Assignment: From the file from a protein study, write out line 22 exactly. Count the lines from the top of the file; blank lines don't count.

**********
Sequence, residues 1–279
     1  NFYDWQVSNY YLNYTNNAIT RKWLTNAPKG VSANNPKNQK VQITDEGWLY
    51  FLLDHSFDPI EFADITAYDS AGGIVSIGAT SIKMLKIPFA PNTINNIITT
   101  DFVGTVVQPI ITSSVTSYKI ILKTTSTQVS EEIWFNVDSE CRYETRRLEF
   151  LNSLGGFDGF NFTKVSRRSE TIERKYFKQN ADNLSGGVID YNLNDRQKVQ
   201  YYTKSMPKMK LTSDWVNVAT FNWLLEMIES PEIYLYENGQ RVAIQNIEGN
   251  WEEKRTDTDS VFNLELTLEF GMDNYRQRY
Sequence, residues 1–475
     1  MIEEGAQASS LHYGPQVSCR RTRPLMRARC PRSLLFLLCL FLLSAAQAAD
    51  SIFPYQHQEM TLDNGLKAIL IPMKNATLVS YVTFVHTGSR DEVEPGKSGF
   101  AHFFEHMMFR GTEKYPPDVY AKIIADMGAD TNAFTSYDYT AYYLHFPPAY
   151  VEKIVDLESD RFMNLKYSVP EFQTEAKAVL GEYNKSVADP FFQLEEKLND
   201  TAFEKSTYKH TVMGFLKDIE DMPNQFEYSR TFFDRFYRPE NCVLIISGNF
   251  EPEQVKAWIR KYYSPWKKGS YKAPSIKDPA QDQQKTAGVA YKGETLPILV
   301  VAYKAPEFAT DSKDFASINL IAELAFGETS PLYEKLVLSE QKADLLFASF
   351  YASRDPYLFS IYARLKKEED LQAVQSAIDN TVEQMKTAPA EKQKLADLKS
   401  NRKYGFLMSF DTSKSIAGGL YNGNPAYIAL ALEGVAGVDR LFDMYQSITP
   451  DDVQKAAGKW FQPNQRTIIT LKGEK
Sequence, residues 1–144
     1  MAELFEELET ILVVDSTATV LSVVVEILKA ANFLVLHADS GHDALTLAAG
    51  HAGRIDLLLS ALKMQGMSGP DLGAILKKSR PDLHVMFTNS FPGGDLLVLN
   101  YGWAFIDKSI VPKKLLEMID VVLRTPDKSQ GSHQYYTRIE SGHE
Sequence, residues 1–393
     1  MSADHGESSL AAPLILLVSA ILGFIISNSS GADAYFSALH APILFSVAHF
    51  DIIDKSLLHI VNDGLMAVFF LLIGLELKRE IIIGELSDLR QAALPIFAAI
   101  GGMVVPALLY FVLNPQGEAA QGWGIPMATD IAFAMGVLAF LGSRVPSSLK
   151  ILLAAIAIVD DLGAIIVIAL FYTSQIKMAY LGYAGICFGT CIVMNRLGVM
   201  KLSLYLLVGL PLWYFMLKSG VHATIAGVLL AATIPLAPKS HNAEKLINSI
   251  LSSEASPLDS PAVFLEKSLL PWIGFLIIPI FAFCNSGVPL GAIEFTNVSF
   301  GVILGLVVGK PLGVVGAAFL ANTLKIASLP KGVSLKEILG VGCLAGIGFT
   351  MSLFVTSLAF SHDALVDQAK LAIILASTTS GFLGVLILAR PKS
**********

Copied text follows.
   101  YGWAFIDKSI VPKKLLEMID VVLRTPDKSQ GSHQYYTRIE SGHE